I'm sure by now you've seen the news reports about Anthem and Premera getting hacked. After all, that's 91 million customers we're talking about. Neither company admitted any health information was compromised, but it got me thinking about intent. Criminal intent, more specifically. What could hackers steal that would be more valuable than my identity? I mean, what could they possibly do with my health information that would actually cause me harm?
Let's think for a moment about the system that's roughly in place to deal with identity theft. Say your wallet gets stolen. You call around to the different credit card companies, and as soon as they're notified, your liability for charges is immediately capped (it depends on when you tell them, but there is a cap). You start using a credit monitoring service, get new cards, and you pay attention to your credit card statements for a few months. It's not as simple as that, but that's roughly what happens. You know, generally, where all the possible places your money might be going into and out of, and you watch for unusual activity in those places.
Now let's talk about your health information. It's a little different and I think for most people, very opaque. But first a couple of acronyms that may come up - PII and PHI. PII stands for Personally Identifiable Information and it's data that can be used to identify you specifically. Addresses, phone numbers, social security numbers are examples. PHI is Protected Health Information and it's all of the data that is recorded about your health. Your chart notes, your demographics (age, height, weight, race, gender, etc), your medical records (diagnoses, treatments, prescriptions, outcomes). Think of PII as a black and white sketch of you, while PHI fills in the image with vibrant colors and details.
So I'm sitting here thinking about the thief who knows I take a certain medication. Who cares, right? It's not like I'm taking a schedule 2 narcotic, and my doctor's going to suddenly prescribe a limitless supply that can be stolen just because the thief has my address.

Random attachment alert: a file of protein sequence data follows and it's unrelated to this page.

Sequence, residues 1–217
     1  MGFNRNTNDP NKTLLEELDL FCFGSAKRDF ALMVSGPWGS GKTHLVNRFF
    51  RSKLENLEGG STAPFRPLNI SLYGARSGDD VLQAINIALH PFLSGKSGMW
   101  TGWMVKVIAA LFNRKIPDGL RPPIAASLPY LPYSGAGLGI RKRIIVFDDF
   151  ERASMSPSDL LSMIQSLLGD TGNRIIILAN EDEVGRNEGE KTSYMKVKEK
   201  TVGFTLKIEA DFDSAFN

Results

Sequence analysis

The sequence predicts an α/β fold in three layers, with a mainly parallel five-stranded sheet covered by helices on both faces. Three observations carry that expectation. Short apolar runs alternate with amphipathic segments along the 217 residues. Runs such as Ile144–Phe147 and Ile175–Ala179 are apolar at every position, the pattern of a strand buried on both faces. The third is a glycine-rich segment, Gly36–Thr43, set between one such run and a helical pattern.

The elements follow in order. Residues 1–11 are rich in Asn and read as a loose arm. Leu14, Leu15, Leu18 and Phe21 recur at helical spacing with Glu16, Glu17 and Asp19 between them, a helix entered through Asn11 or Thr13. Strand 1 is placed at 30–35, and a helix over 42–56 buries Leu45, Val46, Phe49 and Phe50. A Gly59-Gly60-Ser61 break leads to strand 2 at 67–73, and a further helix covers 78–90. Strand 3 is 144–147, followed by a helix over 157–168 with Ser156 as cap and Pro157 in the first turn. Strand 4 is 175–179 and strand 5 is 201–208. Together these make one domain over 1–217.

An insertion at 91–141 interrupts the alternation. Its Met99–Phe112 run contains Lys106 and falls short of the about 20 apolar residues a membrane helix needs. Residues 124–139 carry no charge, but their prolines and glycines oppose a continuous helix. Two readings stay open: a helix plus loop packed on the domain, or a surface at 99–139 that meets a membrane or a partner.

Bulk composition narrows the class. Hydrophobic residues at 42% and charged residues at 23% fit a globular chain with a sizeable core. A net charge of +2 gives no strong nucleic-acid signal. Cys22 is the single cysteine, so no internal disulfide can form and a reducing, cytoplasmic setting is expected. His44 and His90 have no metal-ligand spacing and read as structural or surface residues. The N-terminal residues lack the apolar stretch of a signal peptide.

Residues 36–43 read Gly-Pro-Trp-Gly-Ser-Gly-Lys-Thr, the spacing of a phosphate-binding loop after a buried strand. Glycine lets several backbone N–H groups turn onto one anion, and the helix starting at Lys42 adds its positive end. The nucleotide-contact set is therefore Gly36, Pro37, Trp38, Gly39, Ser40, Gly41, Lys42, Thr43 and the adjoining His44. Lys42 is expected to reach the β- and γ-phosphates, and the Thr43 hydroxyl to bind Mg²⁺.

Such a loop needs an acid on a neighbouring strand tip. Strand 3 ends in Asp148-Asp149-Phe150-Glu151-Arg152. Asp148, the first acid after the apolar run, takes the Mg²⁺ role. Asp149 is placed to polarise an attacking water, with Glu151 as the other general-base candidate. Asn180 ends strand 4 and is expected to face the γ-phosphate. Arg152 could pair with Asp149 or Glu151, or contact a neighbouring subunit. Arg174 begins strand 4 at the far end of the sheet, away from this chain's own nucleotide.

Here's a more likely scenario: Let's say hackers get their hands on 50 million peoples' PII and PHI. And let's assume that if they went after PHI, they probably knew what they were looking for. Maybe they have people on their team with medical billing knowledge? That's not terribly hard to come by nowadays - certification for medical billers costs around $5k and takes 18 - 24 months. Now they have records of real people with real social security numbers, real medical histories, and real doctors - they could take a single patient's history and devise treatments and bill for devices and procedures that financially dwarf what they could get from a credit card scam, all for 1 person. And they have 50 million opportunities to do this.
One more piece they can count on is the opaque nature of our medical billing and insurance system. Here's what I mean. When you visit the doctor, buy a prescription, or get a procedure done, you receive an Explanation of Benefits (EOB) in the mail. It's a document that tells you, the patient, which procedures were done for which diagnoses, and if and how insurance paid for it. I bet most people just file those when they receive them because they're full of complex medical billing codes. These codes come from your medical provider (actually, the medical biller in the office), and once they're submitted to the insurance company, they're paid based on the agreement the insurance company has with the hospital where your provider practices. They'll pay to the limit of your plan.
So what happens if someone is spoofing a doctor's office and bills your insurance company for a procedure you didn't have that might be billed at $80k? You'll get an EOB, your doctors will never know (they weren't the ones who billed, so they don't receive notification of anything), and unless you're close to your lifetime maximum in your insurance, maybe the insurance company doesn't even bat an eye. Someone just got away with massive insurance fraud, and there's no real clear way to know it even happened unless someone - you or your insurance company - just happened to notice it was paid out. And if that's the only trigger, then the hacker already has the insurance money.
Go ahead, say it. Insurance fraud is a victimless crime, right? Seems like it, but here's the rub. With a badly broken healthcare system, and a medical information system in its infancy, we can't afford to be paying for massive losses that are the potential here. At some point this is going to hurt you and me. How? Maybe insurance payment gets declined for me because my insurance company thinks I've already had a procedure. Maybe I hit my lifetime maximum because someone had fraudulently billed against it - and now I'm facing a catastrophic illness while having to sort out that my PHI was hacked?
I can come up with a couple of scary scenarios without much thought. Imagine what real criminals can devise with time, money, and intent.